Happy Birthday, Health Care Reform!
The Patient Protection and Affordable Care Act – Obama’s health care reform program – turns one years old today. Obviously it’s a little weird celebrating the birth of an inanimate piece of legislation, but now is as good a time as any to reflect on where we are right now. I’m not going to explain the law for you. Ezra Klein, Jonathan Cohn, and the Kaiser Health Foundation are here for that. But come with me after the jump for a few words on where the U.S. and this ground-breaking, near-toddler stand today.
First and foremost, as is abundantly clear, the Patient Protection and Affordable Care Act is perhaps a sickly child. You all know the story: the right – led by the Tea Party – hates the law, and has been working since the moment it first drew breath to either repeal it or get the courts to knock it down. As has been the case for a year now, repeal is unlikely: it would have to overcome both a Senate held by the Democrats and the veto of Barack Obama. Full out repeal is therefore just not going to happen. A congressional fight over defunding the law, however, is certainly something you all can expect to see in the law’s second year.
As to the courts. The Supreme Court currently has no plans to expedite a case over reform’s constitutionality, and at best this is going to be a long road – and one very fraught with politics. As things stand right now, we’re very likely to see the bulk of this law crawl to a second birthday.
And the thing is, beneath all of the shouting and bloviating, there has been a pretty constant stream of support for health care reform. The Kaiser Health Foundation has found that, one year out, there is a slight majority of people who favor keeping the law in place or expanding it over repealing it entirely or replacing it with a Republican alternative. No, of course this is not a ringing endorsement. But it’s a start.
And a big reason for the steady-split on public support over the law is a supreme lack of understanding about what the law actually does. Because so much of the law’s major provisions don’t come into effect until 2014, most people don’t currently have a sense of what the law will actually do for them. Instead, they have a sense of the loud – and often misleading – arguments about the outstanding cost of the law (a reminder: this law will save or raise $100 billion more than it spends within the first ten years according to the politically independent CBO).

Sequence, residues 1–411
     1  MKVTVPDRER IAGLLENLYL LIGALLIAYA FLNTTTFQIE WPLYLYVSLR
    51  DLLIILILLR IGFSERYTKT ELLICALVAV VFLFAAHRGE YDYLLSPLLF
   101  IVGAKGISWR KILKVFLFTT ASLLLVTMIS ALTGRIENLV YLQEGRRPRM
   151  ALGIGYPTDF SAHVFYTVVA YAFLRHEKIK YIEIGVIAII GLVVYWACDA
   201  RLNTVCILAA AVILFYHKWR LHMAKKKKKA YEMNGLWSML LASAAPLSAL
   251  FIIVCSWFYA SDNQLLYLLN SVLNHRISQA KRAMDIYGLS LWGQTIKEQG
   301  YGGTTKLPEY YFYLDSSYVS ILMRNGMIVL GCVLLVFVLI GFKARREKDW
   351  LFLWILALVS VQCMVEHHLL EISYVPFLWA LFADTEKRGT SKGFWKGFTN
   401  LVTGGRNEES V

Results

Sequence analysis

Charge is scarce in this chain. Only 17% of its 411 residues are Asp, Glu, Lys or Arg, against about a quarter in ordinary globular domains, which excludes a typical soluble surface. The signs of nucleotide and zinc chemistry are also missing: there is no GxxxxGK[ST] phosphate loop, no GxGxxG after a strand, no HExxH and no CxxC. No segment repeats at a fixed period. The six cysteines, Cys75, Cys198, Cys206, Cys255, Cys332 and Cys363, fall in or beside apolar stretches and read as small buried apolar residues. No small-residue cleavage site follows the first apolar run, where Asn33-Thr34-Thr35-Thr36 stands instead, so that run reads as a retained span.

So what is to be done about this? Largely, waiting. This isn’t the first time a piece of major social legislation has had pitfalls early on due to an extended window before the law goes into full effect. See, for example, the Social Security Act of 1935. Back in 1935, there was a whole lot of anger about a social welfare law that would allegedly kill jobs and waste money. Sound familiar? And again, a lot of the initial opposition was a function of the law not immediately handing out benefits.
In the case of the Social Security Act, benefits were pushed up to help quell that opposition. And it worked. Social Security became “the third-rail” of politics that it is today. Sure, it’s also not a perfect system, as the current fiscal crisis over entitlements makes clear. But the frame-work of that 1935 law is something that the majority of Americans hold very dear – as has been made startelingly evident by the widespread opposition to privatizing the program under the most recent President Bush. And the fiscal crisis surrounding Social Security (specifically the Old Age, Survivors, and Disability Insurance program) is something that is very fixable (see: raising the tax-cap), and it will be fixed in time for the program to remain solvent.
So, how does this fit into the Patient Protection and Affordable Care Act? Like the early days of the Social Security Act, this legislation is about the long game. As with the SSA, it would be impossible for the PPACA to immediately hand out benefits without being both fiscally and institutionally irresponsible. This is about waiting, about being patient, and about flexibility.
The law still has plenty of problems. The cost-control mechanisms are going to need some work and, again, time to really figure out the best way to “bend the curve” on health care costs. But unlike a year and a day ago, today we have a fundamental framework from which to build the health care system of our future.
Just like any one-year-old, there’s no saying what exactly this little guy will look like five, ten, thirty years down the line. And just like any one-year-old, this law is going to need careful guidance, instruction, and supervision to make sure it reaches its full potential. Because, believe it or not, the potential is there.
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